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# r-Commutative Geometry

While there are plenty of things to say about the quantum plane, and quantum groups, I think I'll home in on my main topic at last: r-commutative geometry. This is a particular approach to noncommutative geometry that generalizes what mathematicians and physicists call "supergeometry". So first I should say a brief word about supergeometry. First, recall that the plain old geometry of manifolds can be cast into the language of commutative algebra by considering not the manifold itself as a set of points, but the algebra of (smooth, complex) functions on the manifold. (In this language, for example, vector fields are derivations, vector bundles are projective modules, and so on -- every geometric construct has an algebraic analog.) Now in the 1970's, physicists really caught on to the fact that considering only commutative algebras was horribly unfair to fermions, which like to anticommute: i.e. they have  So while the phase space of bosonic system is a manifold, the phase space of a system containing both bosonic and fermionic degrees of freedom is a "supermanifold" -- a (particular kind of) algebra which has "even" and "odd" elements, such that the even, or bosonic, elements commute, while the odd elements anticommute. (The even elements commute with the odd elements, by the way.) Generalizing lots of concepts from commutative algebras to supercommutative algebras simply amounts to sticking in appropriate minus signs! The rule of thumb is that whenever one switches two elements and , one should stick in a factor of , where if is even (bosonic) and if is odd (fermionic). One may extend the notions of vector field, differential form, metric, curvature, and all your favorite concepts from geometry to "supergeometry" in this manner.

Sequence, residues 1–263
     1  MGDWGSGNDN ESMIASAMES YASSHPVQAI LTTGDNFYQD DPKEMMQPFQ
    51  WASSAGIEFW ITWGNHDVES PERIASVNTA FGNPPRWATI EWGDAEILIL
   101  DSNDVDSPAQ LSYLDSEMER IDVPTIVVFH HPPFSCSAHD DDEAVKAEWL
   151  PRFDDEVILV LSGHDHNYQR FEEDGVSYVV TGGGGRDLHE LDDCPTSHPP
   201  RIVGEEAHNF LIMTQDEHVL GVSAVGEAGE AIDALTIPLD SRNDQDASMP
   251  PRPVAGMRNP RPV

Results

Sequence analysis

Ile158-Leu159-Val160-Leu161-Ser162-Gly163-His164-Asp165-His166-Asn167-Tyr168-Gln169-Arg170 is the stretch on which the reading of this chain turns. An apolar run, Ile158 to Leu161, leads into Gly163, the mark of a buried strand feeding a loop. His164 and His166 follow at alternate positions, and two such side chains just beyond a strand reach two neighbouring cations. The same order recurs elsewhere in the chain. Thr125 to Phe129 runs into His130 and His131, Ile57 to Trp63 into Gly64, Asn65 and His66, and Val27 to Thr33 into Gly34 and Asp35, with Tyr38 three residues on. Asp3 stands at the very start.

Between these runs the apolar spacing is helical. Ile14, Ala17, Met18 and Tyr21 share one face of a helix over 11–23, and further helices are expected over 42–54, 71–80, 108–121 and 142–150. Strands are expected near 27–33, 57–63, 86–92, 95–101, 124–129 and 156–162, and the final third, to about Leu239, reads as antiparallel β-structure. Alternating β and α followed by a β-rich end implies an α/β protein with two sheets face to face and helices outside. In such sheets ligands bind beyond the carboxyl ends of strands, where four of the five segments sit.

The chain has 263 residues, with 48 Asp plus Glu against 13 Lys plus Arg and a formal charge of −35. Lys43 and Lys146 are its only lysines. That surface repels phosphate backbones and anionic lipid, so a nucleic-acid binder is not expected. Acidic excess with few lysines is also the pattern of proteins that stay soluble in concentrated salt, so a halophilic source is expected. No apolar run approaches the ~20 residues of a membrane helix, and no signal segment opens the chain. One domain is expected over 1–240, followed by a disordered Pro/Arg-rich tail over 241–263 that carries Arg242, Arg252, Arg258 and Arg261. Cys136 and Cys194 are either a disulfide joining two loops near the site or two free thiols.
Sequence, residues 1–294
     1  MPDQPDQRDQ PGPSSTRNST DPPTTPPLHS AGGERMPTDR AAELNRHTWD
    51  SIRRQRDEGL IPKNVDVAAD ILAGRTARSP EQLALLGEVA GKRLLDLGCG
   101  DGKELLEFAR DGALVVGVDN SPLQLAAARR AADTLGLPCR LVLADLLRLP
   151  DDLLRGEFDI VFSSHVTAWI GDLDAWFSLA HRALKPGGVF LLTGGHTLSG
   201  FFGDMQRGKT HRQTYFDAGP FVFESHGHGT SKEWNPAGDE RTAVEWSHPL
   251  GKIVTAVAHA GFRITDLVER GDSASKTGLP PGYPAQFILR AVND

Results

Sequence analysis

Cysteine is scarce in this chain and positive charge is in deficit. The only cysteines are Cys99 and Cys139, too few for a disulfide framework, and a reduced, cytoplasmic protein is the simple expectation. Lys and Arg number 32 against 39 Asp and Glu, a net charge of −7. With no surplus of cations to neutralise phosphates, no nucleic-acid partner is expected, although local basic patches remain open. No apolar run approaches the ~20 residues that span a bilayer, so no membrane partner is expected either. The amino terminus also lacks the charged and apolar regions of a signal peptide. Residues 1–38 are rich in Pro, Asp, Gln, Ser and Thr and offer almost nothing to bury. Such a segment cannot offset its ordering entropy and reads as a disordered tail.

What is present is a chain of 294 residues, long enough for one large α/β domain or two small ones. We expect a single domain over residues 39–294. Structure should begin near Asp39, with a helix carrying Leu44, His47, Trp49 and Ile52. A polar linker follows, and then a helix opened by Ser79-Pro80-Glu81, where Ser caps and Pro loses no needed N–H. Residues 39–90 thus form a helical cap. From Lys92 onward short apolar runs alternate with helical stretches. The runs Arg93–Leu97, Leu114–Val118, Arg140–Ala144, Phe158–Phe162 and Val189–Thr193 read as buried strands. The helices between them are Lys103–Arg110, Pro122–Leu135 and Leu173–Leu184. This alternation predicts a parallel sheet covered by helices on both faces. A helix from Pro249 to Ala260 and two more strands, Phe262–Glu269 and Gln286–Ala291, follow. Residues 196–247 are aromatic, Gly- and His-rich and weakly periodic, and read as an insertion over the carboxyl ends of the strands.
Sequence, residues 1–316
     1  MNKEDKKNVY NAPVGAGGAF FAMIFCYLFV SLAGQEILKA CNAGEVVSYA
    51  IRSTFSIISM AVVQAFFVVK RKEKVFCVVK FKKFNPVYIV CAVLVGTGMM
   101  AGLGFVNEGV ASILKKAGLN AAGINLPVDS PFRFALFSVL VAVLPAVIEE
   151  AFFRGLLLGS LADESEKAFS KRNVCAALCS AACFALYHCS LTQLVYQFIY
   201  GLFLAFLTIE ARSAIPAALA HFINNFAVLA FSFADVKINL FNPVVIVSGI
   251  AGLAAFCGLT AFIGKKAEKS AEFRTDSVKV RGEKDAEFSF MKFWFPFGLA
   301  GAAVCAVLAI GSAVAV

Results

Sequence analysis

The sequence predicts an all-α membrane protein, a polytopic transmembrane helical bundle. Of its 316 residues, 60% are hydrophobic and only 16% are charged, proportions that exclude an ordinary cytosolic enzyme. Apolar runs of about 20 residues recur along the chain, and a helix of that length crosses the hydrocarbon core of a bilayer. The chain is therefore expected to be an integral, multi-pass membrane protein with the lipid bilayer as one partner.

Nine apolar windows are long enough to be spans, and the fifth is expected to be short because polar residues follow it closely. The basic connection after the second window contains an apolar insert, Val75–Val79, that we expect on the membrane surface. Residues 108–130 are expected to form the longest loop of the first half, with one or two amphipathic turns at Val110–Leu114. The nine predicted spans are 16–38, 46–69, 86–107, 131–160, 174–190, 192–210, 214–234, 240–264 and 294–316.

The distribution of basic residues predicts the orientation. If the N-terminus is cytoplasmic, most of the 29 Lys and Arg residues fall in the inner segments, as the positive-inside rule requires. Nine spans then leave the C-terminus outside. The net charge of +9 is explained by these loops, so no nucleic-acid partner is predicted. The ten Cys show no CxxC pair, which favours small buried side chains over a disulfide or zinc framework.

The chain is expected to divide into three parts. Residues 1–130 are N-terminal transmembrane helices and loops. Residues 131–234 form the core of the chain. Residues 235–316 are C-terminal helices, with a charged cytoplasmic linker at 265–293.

This turned out to be fascinating (it's a bit premature to say "useful") in particle physics, where it goes by the name of supersymmetry. The idea is that there should be a symmetry between bosons and fermions. While this is not at all observed in nature, it would be nice if it were true, so people have developed clever ways of rigging up their theories so that you never see the "superpartners" every particle has: for the photon, the photino, for the gluon, the gluino, for the leptons, schleptons, for the quarks, squarks... you get the pattern. (Don't complain to me if you think this is silly, it wasn't my idea!) Superstrings are the latest of these "super" ideas in particle physics.

Supersymmetry has actually proven itself in a more practical manner in nuclear physics, where it lets one model resonances in nuclei, relating the properties of fermionic and bosonic nuclei.

Where supergeometry really shines, though, is in mathematics. For example, Ed Witten came up with beautiful proofs of the Atiyah-Singer index theorem and the positive mass theorem (a theorem about general relativity) using supergeometry. (As usual, he left it to others to make his arguments rigorous.)

While I personally don't think that bosons and fermions were created equal in the manner postulated by supersymmetry, I do favor an approach to physics which doesn't take bosons, or commuting variables, to be somehow superior to fermions, or anticommuting variables. This demands supergeometry. For example, a decent treatment of classical fermions requires a supermanifold for the "phase space".

My own personal twist (motivated by the work of many people on anyons, the braid group, quantum groups, etc.) is to try to take a look at what geometry would be like if one wanted to be fair to anyons as well as bosons and fermions. This is "r-commutative geometry."